Martin Luther King Day is a rare moment in American life when people reflect – even if only briefly – on the ideals that guided Dr. King’s life and led to his death. Thus, the struggle over King’s message can be intense, pitting a bland conventional view against a more radical call for profound change, as Brian J. Trautman writes.
By Brian J. Trautman
Most Americans know Rev. Dr. Martin Luther King, Jr. as one of the Twentieth Century’s most revered voices for racial equality, the charismatic leader of the American Civil Rights movement, who gave the famous “I Have A Dream” speech at the Lincoln Memorial. Perhaps they even know a thing or two about his role in the Montgomery Bus Boycott and the Birmingham Campaign.
This knowledge, by and large, derives from compulsory education and mainstream media. It is significantly less likely, however, that very many Americans know much at all, if anything, about King’s radical and controversial activities related to the issues of poverty and militarism, particularly the latter.
King highlighted three primary forms of violence, oppression and injustice in American society and across the world: poverty, racism and militarism. He referred to these as the “triple evils,” and considered them to be interrelated problems, existing in a vicious and intractable cycle, and standing as formidable barriers to achieving the Beloved Community, a brotherly society built upon and nurtured by love, nonviolence, peace and justice. King posited that when we resisted any one evil, we in turn weakened all evils, but that a measurable and lasting impact would require us to address all three.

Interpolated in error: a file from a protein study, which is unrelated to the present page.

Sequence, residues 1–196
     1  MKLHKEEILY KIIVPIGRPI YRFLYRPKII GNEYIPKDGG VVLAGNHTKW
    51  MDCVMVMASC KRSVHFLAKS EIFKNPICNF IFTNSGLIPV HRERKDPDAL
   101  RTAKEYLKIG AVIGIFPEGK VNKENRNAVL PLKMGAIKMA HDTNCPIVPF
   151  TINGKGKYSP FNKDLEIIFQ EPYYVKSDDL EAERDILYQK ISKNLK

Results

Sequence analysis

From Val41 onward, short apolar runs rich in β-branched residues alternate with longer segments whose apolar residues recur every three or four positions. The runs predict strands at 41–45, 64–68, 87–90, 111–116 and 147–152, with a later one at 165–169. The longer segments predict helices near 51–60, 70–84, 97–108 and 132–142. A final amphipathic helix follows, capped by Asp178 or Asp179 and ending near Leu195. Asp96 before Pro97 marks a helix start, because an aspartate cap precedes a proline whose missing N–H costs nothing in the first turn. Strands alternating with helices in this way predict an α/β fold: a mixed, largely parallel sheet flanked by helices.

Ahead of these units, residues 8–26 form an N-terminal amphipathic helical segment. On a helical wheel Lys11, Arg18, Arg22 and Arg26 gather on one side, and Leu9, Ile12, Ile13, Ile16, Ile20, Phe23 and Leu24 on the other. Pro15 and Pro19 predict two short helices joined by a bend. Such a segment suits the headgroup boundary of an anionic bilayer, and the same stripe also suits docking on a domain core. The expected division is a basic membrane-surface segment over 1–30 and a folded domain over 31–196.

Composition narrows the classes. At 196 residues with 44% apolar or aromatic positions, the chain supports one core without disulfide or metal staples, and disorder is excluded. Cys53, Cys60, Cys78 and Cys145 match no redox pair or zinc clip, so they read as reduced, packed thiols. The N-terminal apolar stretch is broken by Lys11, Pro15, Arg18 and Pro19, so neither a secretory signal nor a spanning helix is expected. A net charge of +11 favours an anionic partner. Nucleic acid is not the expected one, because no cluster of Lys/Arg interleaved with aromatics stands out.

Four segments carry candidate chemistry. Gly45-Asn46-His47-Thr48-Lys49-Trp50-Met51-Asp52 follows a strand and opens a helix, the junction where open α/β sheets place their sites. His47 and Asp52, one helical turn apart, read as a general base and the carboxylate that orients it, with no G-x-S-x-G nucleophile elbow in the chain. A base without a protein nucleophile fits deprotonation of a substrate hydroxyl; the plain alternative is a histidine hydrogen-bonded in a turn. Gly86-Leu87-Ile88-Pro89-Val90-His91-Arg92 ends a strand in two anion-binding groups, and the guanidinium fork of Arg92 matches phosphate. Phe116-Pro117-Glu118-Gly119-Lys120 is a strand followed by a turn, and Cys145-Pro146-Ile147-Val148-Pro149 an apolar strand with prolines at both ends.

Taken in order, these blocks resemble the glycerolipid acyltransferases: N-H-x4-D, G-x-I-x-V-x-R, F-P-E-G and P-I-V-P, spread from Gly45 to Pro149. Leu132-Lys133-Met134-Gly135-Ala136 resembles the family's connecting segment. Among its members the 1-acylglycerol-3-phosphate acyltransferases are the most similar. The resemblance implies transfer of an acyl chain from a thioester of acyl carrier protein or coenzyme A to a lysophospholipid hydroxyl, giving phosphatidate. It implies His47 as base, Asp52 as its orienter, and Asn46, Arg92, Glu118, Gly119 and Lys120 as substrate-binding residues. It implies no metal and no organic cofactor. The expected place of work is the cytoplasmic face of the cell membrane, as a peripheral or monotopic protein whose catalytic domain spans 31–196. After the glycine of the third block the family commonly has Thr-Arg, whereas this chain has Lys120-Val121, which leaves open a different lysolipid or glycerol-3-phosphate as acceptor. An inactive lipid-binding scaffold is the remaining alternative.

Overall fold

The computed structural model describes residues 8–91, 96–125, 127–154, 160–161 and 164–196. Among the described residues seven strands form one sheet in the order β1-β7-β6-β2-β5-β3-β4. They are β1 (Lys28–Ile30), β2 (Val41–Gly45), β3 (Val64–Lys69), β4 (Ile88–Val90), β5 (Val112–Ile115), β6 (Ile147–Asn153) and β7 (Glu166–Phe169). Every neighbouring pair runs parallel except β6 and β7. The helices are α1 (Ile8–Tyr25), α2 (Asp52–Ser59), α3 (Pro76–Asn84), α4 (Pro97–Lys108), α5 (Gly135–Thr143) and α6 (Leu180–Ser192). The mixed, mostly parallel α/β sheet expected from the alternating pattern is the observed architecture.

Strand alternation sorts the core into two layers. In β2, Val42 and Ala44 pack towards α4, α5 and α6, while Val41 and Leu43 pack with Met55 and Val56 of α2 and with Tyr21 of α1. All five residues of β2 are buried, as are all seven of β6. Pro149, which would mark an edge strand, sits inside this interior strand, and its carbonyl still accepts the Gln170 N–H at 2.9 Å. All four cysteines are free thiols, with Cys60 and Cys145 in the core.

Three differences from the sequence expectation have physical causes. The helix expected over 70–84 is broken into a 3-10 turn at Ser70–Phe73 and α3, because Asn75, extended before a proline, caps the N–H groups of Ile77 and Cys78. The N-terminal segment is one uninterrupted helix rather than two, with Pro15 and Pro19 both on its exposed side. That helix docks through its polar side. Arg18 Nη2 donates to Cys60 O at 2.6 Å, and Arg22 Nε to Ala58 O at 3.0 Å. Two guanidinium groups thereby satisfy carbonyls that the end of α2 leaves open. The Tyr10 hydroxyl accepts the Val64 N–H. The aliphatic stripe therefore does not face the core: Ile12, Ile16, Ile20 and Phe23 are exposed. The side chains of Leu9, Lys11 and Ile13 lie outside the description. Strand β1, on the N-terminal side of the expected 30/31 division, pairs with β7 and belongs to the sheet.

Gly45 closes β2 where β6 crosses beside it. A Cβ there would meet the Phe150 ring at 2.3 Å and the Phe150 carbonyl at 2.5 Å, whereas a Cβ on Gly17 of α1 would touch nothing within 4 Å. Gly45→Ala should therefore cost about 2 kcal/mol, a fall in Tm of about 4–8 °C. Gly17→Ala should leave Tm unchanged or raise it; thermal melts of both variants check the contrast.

King’s work to educate about and eradicate poverty was among his greatest passions. In “The Octopus of Poverty,” a statement appearing in The Mennonite in 1965, King observed, “There is nothing new about poverty. What is new, however, is that we now have the resources to get rid of it.” Accordingly, “the time has come for an all-out world war against poverty.”
He strongly believed “the rich nations,” namely the United States, had a moral responsibility to care for its most vulnerable populations, noting that such “nations must use their vast resources of wealth to develop the underdeveloped, school the unschooled, and feed the unfed.” King held, “ultimately a great nation is a compassionate nation,” and maintained that “no individual or nation can be great if it does not have a concern for ‘the least of these.”
In late 1967, King announced the Poor People’s Campaign, an innovative effort designed to educate Americans on poverty issues and recruit both poor people and antipoverty activists for nonviolent social change. The priority of the project was to march on, and to occupy, if you will, Washington and to demand the Congress pass meaningful legislation to improve the social and economic status of the poor, through directed measures such as jobs, unemployment insurance, health care, decent homes, a fair minimum wage, and education.